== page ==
«One of the last princes of some trades worn out by sociocultural changes»
Julio Valdeón bids farewell to the historic Al Schmitt, a sound engineer and producer who worked with Paul McCartney, Frank Sinatra, Ray Charles or Diana Krall, also the protagonist of a rich alliance with Bob Dylan.
A section of JULIO VALDEÓN.
Al Schmitt died. 91 years. He was a sound engineer and producer. Master of canned sound, says Richard Sandomir in his canonical obituary for the New York Times. Like others who wrote the obituary for him, he remembers that Schmitt’s uncle had a recording studio in New York and that he attended sessions with Bing Crosby and the Andrews Sisters there. Also that throughout an award-winning sixty-year career he worked with Paul McCartney, Frank Sinatra, Ray Charles, Diana Krall or Henry Mancini, with whom he formed an unstoppable team. One of their last recordings was with Bob Dylan, during the sessions where they recreated in key noir, with country touches, the Hoboken monster songbook, who sang to the tuning of the best trumpeters and managed to make you believe that, indeed, he was telling you about his own sentimental moves. Sinatra’s confessional style created a school and, as I believe I have read somewhere, influenced Dylan himself, among others, who would apply his teachings to the folk inherited from Woody Guthrie and soon transcended political or social commentary to target more intimate territories. .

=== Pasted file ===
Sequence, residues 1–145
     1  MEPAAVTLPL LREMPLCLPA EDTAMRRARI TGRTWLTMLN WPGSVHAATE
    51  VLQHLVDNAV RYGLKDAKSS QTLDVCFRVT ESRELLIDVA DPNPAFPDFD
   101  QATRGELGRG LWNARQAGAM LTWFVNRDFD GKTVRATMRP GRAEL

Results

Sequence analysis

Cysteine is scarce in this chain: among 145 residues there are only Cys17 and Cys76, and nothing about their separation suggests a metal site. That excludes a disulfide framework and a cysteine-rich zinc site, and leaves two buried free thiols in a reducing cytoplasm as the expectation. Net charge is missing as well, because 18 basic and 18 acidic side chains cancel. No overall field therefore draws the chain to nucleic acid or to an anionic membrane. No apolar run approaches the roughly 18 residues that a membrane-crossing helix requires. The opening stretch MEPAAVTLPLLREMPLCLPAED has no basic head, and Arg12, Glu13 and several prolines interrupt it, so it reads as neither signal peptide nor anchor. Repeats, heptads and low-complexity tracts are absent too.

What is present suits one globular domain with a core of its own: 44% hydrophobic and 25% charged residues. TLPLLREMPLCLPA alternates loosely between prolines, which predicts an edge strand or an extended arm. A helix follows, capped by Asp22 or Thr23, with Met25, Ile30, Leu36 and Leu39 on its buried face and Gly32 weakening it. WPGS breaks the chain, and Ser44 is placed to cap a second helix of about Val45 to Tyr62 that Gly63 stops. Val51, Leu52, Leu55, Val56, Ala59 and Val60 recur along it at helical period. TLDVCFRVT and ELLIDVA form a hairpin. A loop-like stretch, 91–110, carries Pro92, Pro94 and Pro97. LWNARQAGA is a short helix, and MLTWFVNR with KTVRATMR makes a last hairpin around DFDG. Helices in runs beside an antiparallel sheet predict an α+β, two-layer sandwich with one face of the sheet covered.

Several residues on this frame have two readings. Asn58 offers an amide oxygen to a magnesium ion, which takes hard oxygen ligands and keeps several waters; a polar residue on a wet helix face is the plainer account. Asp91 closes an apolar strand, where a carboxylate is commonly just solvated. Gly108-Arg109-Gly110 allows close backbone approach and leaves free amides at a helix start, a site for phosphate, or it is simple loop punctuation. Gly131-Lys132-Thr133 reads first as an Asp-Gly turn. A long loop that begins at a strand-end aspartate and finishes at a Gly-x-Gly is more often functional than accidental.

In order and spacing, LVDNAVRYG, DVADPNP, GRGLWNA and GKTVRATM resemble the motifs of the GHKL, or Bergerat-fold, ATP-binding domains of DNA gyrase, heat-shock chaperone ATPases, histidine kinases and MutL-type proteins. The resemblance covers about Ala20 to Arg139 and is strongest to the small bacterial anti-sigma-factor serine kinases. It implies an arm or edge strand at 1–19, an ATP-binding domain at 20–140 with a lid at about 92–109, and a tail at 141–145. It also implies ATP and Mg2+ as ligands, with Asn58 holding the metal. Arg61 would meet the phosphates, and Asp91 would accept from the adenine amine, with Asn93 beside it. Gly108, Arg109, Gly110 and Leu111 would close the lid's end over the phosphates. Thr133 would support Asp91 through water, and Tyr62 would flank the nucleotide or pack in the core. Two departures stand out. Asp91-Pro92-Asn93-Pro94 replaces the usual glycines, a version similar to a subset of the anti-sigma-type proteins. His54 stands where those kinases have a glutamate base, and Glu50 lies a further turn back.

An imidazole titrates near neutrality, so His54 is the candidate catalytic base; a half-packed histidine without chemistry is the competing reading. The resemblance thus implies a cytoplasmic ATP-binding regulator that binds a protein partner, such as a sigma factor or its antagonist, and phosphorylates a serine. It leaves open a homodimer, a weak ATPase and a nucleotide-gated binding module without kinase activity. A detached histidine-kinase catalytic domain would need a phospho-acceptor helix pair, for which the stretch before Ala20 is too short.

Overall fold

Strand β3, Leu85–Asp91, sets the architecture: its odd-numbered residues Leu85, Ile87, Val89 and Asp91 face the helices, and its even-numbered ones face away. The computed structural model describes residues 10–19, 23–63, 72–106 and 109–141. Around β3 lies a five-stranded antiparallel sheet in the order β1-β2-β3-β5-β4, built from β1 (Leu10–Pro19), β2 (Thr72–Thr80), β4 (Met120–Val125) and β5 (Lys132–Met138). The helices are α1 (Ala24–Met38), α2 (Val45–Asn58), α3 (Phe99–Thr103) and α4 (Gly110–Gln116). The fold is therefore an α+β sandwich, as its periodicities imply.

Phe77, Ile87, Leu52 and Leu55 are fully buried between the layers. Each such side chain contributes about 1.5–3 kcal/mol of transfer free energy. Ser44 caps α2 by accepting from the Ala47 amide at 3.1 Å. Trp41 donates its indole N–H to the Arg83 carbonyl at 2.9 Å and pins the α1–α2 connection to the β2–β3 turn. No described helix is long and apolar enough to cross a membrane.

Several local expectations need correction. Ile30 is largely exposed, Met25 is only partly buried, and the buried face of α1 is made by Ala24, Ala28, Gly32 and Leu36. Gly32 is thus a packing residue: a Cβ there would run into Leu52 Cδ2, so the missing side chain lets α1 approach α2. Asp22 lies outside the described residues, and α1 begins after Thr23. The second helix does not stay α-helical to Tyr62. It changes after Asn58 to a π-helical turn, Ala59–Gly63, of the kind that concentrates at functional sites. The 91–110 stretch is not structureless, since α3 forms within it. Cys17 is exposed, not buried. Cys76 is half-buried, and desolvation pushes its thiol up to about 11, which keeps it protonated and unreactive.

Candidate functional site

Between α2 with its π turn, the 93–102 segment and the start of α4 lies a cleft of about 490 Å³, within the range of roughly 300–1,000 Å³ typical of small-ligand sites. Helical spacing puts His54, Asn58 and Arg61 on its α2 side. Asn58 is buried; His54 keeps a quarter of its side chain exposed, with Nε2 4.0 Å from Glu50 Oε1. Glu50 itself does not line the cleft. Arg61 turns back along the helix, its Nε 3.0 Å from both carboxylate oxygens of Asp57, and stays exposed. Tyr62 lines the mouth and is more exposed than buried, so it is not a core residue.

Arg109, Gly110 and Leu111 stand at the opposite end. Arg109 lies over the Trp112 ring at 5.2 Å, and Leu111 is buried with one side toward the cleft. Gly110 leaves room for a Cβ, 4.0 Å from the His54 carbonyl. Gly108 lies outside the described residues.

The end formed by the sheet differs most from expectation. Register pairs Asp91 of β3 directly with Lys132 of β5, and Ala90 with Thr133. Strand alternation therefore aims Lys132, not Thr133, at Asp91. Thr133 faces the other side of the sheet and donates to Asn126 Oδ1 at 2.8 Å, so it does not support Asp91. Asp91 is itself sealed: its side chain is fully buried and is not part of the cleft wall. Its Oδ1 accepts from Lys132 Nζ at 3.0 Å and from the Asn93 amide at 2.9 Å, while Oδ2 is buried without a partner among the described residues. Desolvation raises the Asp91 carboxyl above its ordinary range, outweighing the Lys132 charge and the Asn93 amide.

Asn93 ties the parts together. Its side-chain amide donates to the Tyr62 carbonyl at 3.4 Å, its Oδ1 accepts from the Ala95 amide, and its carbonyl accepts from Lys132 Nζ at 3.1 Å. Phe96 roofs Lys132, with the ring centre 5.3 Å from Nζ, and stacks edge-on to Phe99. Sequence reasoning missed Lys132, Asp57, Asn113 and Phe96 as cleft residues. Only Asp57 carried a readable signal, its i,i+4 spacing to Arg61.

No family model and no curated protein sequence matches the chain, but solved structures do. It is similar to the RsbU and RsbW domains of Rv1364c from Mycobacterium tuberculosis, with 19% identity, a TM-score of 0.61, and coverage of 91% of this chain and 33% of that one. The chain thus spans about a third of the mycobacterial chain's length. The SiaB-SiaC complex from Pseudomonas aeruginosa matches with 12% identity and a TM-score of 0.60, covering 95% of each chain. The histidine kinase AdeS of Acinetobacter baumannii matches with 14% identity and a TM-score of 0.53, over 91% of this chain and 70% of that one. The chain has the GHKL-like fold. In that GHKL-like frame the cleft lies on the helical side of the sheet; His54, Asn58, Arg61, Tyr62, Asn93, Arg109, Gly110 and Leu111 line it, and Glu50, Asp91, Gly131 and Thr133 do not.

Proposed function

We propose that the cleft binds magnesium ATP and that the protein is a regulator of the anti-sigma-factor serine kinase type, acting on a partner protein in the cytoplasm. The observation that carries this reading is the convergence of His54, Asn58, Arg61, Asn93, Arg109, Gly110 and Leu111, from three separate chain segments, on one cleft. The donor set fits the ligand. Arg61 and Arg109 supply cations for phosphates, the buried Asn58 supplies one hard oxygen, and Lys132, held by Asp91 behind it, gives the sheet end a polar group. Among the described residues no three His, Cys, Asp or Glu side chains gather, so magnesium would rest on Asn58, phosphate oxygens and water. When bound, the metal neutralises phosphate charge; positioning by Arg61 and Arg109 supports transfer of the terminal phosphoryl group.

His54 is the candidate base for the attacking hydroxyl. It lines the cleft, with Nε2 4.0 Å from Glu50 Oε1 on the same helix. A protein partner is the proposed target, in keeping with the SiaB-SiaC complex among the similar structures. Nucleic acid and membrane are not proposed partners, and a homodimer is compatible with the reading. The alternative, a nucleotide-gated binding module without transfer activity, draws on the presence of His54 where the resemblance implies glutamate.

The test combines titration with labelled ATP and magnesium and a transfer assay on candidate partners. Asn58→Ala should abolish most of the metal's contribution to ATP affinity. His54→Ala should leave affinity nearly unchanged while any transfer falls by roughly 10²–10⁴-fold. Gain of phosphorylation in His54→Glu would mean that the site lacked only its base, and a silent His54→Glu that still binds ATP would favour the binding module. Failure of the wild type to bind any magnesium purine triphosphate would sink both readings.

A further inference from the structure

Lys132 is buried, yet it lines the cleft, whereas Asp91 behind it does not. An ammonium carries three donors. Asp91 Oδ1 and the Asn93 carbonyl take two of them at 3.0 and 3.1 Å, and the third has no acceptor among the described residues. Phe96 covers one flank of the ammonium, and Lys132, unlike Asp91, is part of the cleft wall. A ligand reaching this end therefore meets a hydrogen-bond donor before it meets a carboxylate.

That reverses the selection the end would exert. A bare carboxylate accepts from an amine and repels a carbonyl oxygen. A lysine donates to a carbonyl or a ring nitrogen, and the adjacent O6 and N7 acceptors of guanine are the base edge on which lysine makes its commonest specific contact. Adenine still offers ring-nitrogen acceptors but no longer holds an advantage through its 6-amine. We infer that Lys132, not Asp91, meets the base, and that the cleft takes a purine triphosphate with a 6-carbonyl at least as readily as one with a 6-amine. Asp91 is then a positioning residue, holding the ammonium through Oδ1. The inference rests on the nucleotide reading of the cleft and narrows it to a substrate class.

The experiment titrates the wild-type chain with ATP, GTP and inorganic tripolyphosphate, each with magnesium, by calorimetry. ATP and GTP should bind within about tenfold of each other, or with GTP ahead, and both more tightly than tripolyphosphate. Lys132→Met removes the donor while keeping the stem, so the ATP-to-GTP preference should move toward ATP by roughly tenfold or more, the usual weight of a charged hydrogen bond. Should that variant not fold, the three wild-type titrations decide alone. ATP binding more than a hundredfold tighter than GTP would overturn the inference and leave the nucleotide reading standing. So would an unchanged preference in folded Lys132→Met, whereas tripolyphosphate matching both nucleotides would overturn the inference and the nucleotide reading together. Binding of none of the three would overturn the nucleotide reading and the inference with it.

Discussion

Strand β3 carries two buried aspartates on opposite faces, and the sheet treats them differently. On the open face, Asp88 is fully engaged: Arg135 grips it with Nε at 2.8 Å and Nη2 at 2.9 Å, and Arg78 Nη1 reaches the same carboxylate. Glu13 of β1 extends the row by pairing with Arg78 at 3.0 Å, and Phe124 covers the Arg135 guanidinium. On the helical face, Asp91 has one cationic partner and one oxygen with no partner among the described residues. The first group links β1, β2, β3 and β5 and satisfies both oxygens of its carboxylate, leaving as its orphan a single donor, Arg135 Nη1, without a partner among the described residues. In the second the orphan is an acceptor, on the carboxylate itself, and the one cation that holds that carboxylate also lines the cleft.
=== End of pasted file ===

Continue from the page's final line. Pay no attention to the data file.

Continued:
Schmitt’s with Dylan is therefore an inevitable alliance: nothing more appropriate than the same guy who polished the sound of those monumental slices of the Capitol studios ended up, decades later, working with the man who came to erase all that time and that, finally, between the Mississippi blues and the American Songbook, between Little Richard and Billie Holiday, he has resolved to claim as part of a whole that already encompasses practically all of the imposing American musician flow.
I write about old Al while the soundtrack of the TV series plays M Squad, starring Lee Marvin. A glittering jazz recording featuring the red-hot Stanley Wilson Orchestra performing songs by Wilson himself, Bennie Carter and Count Basie. The youngest may not know it, but to record an album you needed more than composers and instrumentalists. The famous intermediaries, who help the original idea, often nebulous and shapeless, take shape. The highly specialized curritos, who fought in the studio, dedicated to equalizing, arranging, recording, and editing the pieces that we later listened to. As we have already become accustomed to the rodent sound of the mp3, as we prefer portability and storage over sonic quality, the knowledge of professionals like Schmitt seems like waste from another era. But be careful, they are not detritus, but splendid works, with a cathedral sound, expansive, magnificent, that dwarfs the vast majority of contemporary recordings, dwarfed by understanding and the slow but constant death of large studios. Schmitt will remain as one of the last princes of trades worn out by sociocultural changes, an aristocratic Amur leopard who will hardly find a successor in an industry that is increasingly decadent, atomized and fragile..
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